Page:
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Death of a crime writer

27 March 2017

The recent death of Colin Dexter has produced plaudits from fellow-authors and editors alike. In the UK he was one of our best-loved crime writers inspiring a uniquely affectionate response amongst readers and the publishing world alike.

Quoted in Bookbrunch, fellow crime writer Peter James praised him highly:

"I think Colin Dexter truly changed both the landscape of British crime fiction and also its stature in the canon of literature. Before Morse, Agatha Christie's characters were the most iconic detectives, but her principal male detective, Poirot, although very engaging, was really a cipher, who was there to solve the puzzles she set her readers and who never developed from novel to novel.

"Morse was a revelation. Here for perhaps the first time was a detective who had a life beyond the printed page - and later the television screen. Morse was a man any of us could imagine having a pint with in a pub. But more than that, if any of us would be unlucky enough to have a member of our family or a close friend murdered, Morse was the man we would want in charge of the case. The nearest parallel in the history of crime fiction would be Sherlock Holmes - a fierce intellect, a quirky, difficult personality, and a profoundly cultured man. Morse was a Holmes for our modern times.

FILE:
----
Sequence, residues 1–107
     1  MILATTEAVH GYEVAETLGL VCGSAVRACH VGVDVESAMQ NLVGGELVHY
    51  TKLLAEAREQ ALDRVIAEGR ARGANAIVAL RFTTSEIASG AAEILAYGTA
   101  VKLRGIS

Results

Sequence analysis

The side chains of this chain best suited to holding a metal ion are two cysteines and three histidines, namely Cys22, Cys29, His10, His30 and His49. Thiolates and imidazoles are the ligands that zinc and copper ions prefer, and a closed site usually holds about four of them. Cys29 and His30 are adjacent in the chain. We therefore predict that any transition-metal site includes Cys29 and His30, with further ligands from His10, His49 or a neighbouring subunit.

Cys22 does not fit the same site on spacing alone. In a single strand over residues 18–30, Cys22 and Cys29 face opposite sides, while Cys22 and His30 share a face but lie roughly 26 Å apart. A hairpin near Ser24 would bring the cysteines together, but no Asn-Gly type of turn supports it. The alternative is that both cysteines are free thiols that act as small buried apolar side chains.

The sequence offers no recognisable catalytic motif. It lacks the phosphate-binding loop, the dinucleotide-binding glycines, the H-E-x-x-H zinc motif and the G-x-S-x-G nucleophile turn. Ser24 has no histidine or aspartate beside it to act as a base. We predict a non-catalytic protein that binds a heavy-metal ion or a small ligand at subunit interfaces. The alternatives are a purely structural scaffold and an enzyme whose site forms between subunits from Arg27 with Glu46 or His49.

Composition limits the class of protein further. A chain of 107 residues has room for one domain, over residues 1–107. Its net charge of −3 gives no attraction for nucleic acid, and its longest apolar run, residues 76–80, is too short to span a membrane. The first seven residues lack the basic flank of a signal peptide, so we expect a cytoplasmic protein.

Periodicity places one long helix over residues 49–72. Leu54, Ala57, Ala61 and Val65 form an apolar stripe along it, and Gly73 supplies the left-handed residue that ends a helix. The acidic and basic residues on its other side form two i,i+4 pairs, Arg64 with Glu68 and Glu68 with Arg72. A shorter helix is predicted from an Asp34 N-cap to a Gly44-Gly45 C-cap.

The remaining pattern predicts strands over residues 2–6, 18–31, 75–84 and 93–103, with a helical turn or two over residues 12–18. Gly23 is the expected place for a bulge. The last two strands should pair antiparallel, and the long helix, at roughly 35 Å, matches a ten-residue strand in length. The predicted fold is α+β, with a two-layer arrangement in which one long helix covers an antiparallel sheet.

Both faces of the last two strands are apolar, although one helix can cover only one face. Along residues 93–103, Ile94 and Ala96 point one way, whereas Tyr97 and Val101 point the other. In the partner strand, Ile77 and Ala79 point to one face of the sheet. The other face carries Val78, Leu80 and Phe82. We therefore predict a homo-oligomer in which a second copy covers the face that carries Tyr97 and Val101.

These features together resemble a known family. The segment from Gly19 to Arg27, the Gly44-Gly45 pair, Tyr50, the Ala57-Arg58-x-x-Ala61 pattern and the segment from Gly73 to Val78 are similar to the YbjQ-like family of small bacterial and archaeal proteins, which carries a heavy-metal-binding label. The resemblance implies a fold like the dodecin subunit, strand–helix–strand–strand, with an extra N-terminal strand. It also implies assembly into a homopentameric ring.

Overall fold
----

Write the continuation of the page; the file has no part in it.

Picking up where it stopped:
"He has been a huge influence on many of the current generation of crime fiction writers - I drew elements from him in creating Roy Grace and I see his influence in so many of the books I read today in our genre. I'm sure there is some of him in Ian Rankin's Rebus and his love of the Oxford Bar. But most importantly of all, I believe Colin Dexter played a very significant role in elevating the status of crime fiction into the major role in the canon of literature it holds today. Dexter was a giant of a writer, an innovator and a true visionary. All of us today who write crime fiction owe him a debt."

And, from editor Maria Rejt, now publisher of the Mantle imprint at Pan MacmillanOne of largest fiction and non-fiction book publishers in UK; includes imprints of Pan, Picador and Macmillan Children’s Books, who edited him in the nineties:
"Colin leaves behind one of our greatest detectives. Morse is as beloved as Sherlock, and others who followed remain somewhat in their shadows. Together with PD James and Ruth Rendell, Colin Dexter was responsible for our second Golden Age of detective fiction. And when you read masterpieces like The Silent World of Nicholas Quinn, The Wench is Dead, and The Way Through the Woods you cannot argue with that.

"I was Colin's editor from August 1990, for six wonderful years. He taught me so much and being his editor still makes me so proud."

Guardian obituary